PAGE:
Many factors can also trigger asthma, causing the symptoms to worsen. Triggers for asthma can vary, and some people may be more sensitive to certain triggers than others.

The most common triggers include:

  • health conditions such as respiratory infections
  • exercise
  • environmental irritants
  • allergens
  • intense emotions
  • extreme weather conditions
  • pests
  • certain medications, including aspirin and nonsteroidal anti-inflammatory drugs (NSAIDs)

Your doctor will need to determine the type of asthma you have. The most common type is allergic asthma, which accounts for 60% of all cases of asthma.

Some types of asthma are related to your stage of life. While asthma can appear at any age, pediatric asthma specifically affects children, and adult-onset asthma doesn’t begin until adulthood.

The sections below describe other specific types of asthma.

Allergic asthma

This common type of asthma is triggered by allergens, including:

  • pet dander from animals such as cats and dogs
  • food
  • mold
  • pollen
  • dust

Allergic asthma is often seasonal because it goes hand-in-hand with seasonal allergies.

Non-allergic asthma

Irritants in the air that are not related to allergies trigger this type of asthma. These irritants might include:

  • burning wood
  • cigarette smoke
  • cold air
  • air pollution
  • viral illnesses
  • air fresheners
  • household cleaning products
  • perfumes

Occupational asthma

Occupational asthma is triggered by irritants in the workplace, such as:

  • dust
  • dyes
  • gases and fumes
  • industrial chemicals
  • animal proteins
  • rubber latex

These irritants can exist in a wide range of industries, including:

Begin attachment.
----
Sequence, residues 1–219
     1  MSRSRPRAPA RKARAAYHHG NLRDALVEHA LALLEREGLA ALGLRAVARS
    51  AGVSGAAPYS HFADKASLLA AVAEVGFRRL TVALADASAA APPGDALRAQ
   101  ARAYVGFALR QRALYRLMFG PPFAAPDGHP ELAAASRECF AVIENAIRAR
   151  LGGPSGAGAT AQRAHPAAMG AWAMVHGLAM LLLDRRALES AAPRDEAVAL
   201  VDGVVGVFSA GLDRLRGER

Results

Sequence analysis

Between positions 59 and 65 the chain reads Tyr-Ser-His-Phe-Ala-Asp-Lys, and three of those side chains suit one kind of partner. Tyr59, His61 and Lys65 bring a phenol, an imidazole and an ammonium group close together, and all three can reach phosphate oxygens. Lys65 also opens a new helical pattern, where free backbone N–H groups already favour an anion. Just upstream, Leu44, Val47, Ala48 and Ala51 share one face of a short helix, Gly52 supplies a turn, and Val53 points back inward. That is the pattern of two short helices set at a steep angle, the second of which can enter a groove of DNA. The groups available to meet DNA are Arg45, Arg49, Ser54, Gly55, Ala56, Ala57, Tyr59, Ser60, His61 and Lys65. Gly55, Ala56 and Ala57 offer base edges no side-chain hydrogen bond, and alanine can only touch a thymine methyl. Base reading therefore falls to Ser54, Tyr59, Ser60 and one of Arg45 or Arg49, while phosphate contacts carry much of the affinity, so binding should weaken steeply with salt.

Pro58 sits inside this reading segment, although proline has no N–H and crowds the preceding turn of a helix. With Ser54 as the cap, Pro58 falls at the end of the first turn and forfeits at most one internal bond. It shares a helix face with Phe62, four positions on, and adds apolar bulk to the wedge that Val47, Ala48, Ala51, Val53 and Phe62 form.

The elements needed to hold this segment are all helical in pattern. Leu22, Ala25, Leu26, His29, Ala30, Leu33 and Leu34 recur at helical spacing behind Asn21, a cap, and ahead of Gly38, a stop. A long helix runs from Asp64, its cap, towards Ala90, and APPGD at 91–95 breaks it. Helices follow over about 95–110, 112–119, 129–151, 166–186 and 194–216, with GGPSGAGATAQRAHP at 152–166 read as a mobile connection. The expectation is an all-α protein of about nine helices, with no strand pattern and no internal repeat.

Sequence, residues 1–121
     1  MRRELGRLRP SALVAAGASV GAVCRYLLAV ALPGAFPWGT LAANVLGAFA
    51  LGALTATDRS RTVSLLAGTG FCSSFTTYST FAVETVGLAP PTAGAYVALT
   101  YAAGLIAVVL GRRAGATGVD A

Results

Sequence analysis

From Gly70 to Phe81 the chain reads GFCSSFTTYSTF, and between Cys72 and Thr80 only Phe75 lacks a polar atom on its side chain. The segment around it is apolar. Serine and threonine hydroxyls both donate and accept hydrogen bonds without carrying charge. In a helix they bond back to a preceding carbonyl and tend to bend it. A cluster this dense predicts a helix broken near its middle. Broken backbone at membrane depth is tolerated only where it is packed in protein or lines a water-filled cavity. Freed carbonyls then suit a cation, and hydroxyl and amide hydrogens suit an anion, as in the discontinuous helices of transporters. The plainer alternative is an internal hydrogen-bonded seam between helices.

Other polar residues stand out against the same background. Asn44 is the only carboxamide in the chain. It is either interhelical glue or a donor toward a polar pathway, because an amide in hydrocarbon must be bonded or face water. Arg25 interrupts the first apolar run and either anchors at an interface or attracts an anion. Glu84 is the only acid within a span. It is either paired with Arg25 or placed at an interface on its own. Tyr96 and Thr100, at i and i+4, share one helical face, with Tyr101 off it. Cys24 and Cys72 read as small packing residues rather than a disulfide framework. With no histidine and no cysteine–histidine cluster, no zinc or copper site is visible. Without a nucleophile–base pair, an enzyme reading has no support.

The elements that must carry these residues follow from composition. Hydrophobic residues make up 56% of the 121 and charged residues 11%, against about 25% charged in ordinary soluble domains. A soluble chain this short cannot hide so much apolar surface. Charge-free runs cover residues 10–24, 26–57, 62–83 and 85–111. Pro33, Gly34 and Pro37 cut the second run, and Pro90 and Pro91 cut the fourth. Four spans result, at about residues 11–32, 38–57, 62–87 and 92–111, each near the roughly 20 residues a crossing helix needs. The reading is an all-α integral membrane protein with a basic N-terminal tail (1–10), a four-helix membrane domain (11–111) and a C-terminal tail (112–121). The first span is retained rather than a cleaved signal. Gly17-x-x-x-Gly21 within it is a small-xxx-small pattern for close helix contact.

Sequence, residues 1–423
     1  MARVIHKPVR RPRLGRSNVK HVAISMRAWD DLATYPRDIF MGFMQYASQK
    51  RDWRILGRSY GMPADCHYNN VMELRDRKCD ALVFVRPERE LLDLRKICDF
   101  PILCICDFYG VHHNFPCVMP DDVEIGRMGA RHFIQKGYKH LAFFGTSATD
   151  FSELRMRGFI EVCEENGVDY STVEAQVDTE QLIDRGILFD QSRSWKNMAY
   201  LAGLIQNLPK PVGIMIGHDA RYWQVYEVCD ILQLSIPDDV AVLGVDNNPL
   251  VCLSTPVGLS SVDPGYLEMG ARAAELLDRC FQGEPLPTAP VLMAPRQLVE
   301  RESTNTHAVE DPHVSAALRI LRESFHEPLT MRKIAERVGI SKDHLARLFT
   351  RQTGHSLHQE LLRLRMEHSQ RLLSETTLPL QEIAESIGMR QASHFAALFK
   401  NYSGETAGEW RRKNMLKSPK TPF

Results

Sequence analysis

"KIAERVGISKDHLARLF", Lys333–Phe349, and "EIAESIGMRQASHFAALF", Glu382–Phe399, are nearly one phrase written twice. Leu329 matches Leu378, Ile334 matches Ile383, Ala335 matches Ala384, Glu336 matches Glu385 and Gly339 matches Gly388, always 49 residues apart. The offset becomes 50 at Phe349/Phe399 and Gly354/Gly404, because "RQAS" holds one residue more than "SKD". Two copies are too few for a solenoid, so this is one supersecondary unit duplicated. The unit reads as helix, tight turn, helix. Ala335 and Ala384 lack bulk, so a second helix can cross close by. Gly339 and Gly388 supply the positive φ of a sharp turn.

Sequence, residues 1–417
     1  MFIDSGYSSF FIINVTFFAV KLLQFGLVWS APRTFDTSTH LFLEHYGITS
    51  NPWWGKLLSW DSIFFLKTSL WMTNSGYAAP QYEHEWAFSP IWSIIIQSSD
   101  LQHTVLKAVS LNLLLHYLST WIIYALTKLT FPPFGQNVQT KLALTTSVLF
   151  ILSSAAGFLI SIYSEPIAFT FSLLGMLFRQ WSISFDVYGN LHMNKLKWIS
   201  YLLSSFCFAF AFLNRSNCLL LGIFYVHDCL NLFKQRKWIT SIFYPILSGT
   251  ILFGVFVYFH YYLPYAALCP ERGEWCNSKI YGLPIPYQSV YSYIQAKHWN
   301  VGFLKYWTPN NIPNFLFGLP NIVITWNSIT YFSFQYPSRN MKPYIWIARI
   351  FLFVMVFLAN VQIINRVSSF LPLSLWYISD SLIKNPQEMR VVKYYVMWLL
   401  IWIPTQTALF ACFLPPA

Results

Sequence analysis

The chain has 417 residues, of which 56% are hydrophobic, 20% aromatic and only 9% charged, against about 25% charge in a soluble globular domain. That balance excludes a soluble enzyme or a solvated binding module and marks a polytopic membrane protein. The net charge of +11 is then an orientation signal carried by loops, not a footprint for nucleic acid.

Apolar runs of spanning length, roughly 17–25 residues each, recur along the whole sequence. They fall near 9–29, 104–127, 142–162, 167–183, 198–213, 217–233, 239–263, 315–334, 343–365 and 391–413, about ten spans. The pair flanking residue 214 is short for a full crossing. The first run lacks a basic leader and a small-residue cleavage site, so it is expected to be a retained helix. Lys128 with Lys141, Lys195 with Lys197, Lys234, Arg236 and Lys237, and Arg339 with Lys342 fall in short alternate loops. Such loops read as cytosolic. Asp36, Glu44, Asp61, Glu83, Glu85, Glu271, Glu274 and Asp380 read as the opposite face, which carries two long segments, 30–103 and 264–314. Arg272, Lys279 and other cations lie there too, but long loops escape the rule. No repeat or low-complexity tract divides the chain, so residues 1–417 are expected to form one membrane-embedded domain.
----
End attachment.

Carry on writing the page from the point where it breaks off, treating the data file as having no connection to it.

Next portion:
• farming
  • textiles
  • woodworking
  • manufacturing

Exercise-induced bronchoconstriction (EIB)

EIB usually affects people within a few minutes of starting exercise and can last until 10–15 minutes after physical activity.

This condition was previously called exercise-induced asthma.

Up to 90% of people with asthma also experience EIB, but not everyone with EIB will have other types of asthma.

Aspirin-induced asthma

Aspirin-induced asthma (AIA), or aspirin-exacerbated respiratory disease, is usually severe.

It’s triggered by taking aspirin or another NSAID, such as naproxen (Aleve) or ibuprofen (Advil).

The symptoms may begin within minutes or hours. People with AIA also typically have nasal polyps.

About 9% of people with asthma have AIA. It usually develops suddenly in adults ages 20–50 years.

Nocturnal asthma

In this type of asthma, symptoms worsen at night.

Triggers that might bring on symptoms at night include:

  • heartburn
  • pet dander
  • dust mites

Your body’s natural sleep cycle may also trigger nocturnal asthma.

Cough-variant asthma (CVA)

CVA doesn’t cause the classic asthma symptoms of wheezing and shortness of breath. Instead, it involves a persistent dry cough.

However, if it’s not treated, CVA can lead to full-blown asthma flares that include the more common symptoms.

No single test or exam can determine whether you or your child has asthma. Instead, healthcare professionals will use a variety of criteria to find out whether your symptoms are the result of asthma.

The following steps can help healthcare professionals diagnose asthma:

  • Health history: Tell your doctor if you have family members with asthma, since this can mean you have a greater chance of developing it.
  • Physical exam: Your doctor will listen to your breathing with a stethoscope. They may also perform a skin test to look for signs of an allergic reaction, such as hives or eczema. Allergies increase your risk for asthma.